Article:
About Ovarian Cancer
Ovarian cancer develops when cancerous cells develop either within the ovaries or on the surface of the ovaries—these cells can rapidly spread to other parts of the abdomen. The cause of ovarian cancer is not known. It is the fifth leading cause of cancer deaths in women in the U.S. More than half of all women diagnosed are diagnosed in the advanced stage of the disease.
Risk factors for ovarian cancer include:
- Women who have never become pregnant
- Women with a personal or family history of breast, ovarian, endometrial, prostate or colon cancer
- Women of Ashkenazi (Eastern European) Jewish heritage
Genetic counseling and testing are an option for women who may believe they are at high risk of getting ovarian cancer. Certain gene mutations are associated with a markedly increased risk of ovarian cancer, including mutations in the BRCA1 and BRCA2 genes, which are associated with an ovarian cancer risk as high as 40 percent, and which are also associated with a risk of breast cancer as high as 60 percent or more. Women who fall into one of the above categories should undergo careful evaluation, and may be candidates for strategies to screen for ovarian cancer or for medical or surgical strategies to prevent the disease.
Although ovarian cancer symptoms may not develop until advanced stages, they many include:
- Sense of pelvic heaviness
- Abdominal discomfort or bloating
- Gastrointestinal problems
- Changes in urination
- Pelvic pain or pain during sexual intercourse
Be sure to notify your physician if you experience any of these symptoms for more than 2 weeks.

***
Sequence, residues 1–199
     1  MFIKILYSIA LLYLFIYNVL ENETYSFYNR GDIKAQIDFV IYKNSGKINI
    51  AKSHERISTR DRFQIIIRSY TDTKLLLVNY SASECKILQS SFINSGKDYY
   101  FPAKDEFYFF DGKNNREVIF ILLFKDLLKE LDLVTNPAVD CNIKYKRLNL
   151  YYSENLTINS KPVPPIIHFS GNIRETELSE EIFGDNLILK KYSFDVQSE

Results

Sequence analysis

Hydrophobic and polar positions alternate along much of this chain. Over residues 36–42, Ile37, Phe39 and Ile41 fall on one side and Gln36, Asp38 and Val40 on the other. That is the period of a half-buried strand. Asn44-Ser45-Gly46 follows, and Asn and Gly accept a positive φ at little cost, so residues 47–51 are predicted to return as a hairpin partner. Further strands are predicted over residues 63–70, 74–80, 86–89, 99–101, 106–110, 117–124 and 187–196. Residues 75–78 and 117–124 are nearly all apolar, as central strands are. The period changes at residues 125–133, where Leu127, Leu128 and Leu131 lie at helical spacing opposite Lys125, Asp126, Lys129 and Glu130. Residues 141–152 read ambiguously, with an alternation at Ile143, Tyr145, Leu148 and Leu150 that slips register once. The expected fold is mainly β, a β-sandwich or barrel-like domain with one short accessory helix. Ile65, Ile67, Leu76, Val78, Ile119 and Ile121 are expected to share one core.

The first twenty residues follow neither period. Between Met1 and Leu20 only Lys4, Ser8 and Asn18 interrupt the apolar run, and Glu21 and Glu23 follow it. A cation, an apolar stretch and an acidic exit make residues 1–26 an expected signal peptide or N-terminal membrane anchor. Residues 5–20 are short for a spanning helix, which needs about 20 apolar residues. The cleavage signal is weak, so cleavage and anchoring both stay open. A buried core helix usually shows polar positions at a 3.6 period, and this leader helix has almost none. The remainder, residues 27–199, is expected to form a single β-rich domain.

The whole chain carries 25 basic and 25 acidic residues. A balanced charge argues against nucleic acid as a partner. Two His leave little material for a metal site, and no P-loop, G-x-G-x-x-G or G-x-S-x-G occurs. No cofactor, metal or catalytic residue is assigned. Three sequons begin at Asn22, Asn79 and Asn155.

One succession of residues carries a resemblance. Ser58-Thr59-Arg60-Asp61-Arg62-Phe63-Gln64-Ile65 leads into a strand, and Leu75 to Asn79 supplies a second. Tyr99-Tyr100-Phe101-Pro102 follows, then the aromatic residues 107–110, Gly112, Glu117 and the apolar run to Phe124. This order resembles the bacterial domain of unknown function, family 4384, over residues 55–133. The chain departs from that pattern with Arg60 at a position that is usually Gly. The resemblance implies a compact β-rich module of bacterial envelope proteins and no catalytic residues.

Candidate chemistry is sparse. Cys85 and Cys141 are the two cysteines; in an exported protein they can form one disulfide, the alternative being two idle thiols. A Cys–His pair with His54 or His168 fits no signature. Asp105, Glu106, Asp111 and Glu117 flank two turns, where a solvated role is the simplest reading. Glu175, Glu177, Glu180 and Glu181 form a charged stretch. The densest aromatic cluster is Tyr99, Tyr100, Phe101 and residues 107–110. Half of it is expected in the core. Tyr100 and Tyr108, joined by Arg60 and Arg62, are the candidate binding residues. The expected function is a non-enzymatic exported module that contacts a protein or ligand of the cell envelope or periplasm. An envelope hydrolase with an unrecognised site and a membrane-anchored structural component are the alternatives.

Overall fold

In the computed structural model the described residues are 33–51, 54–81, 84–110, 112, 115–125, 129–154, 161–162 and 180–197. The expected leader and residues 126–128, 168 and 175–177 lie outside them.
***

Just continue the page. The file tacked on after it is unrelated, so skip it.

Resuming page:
Ovarian Cancer Screening & Diagnosis
Ovarian cancer screening can be difficult. Routine pelvic examinations performed by your doctor may find a pelvic or abdominal mass which may require more tests to determine if ovarian cancer is present. Tests may include a variety of pathology testing, including various blood tests, CA125 – a genetic marker for ovarian cancer, pregnancy testing or a urinalysis. Ovarian cancer screening may also include an X-rays of the bowels, pelvic and/or an abdominal CT scan or ultrasound.
If a diagnosis of ovarian cancer is made, your physician will then determine if the cancer has spread beyond the ovaries or to other parts of the body. Additional tests, including surgery, may be required for your physician to determine the severity or stage of the cancer, including whether it has spread to other areas of the body. Each cancer type has its own classification system.
NorthShore University HealthSystem physicians and the team at the Kellogg Cancer Center work collaboratively and are dedicated to putting patients and families at the center of a healthcare experience that delivers compassionate, quality care.
Every week, our multidisciplinary team meets to discuss each patient’s case in detail and to design a personalized treatment plan. Your team may include your medical oncologist, surgeon, radiation oncologist, genetics counselor, pathologist, nutritionist, interventional radiologist, and researchers focused on you. This meeting of the minds provides each patient with an individualized care plan to create the path for the most optimal outcome. Our approach emphasizes open communication, collaborating with each other personally and through one of the most advanced electronic medical records systems in the country.